Three quarters of representatives at national LMCs conferences for Wales and Northern Ireland on 31 March and 1 April who responded to a GP survey said Dr Meldrum should not quit despite the pay freeze.
But the same number said the GPC had not done enough to counter negative media reports and government briefing against GPs. LMC representatives strongly backed plans to refuse any new unfunded work and to ditch existing work that did not benefit patients.
More than 85 per cent said they would refuse new unpaid work, and over half planned to ditch existing work.
A majority also criticised the GPC’s decision not to take national action in response to the pay freeze. A total of 14 said there should have been action.
Belfast GP Dr Michael McKenna said at the Northern Ireland conference: ‘We are expecting a 6 to 10 per cent cut in profits this year. This is wrong, and we have to take a stand.’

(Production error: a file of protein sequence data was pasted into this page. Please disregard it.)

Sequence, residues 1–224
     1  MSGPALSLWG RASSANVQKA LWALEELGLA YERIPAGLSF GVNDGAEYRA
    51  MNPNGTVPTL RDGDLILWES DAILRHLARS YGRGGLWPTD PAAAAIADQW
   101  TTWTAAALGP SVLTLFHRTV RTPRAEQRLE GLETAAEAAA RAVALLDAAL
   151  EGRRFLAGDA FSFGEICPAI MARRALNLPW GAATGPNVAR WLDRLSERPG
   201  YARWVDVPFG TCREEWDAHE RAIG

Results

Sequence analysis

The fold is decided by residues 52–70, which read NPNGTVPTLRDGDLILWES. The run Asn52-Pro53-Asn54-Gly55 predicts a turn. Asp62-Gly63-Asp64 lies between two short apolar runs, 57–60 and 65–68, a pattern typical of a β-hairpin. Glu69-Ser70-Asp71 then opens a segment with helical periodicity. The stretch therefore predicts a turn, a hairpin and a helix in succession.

Dr McKenna planned to refuse new unfunded work including ‘any new local enhanced service activity’.
Other work he planned to refuse included anything devolved from hospital, such as suture removal or post-operative checks and patient surveys.
Belfast GP Dr Lewis Miller said responding to the GP survey was the only opportunity he had been given to express his views about government actions on GP pay, and called for the GPC to do more to ascertain GPs’ views.
Dr Phil White, a GP in Menai Bridge, near Anglesey, north Wales, said he would ditch pre-operative checks. He said he would also refuse to answer ‘stupid lab requests for data they al-ready hold’.
The GPC meets LMC secretaries in London on 19 April and will undertake a national survey of GPs in response to the pay freeze. The Scotland LMCs conference takes place on 26 April.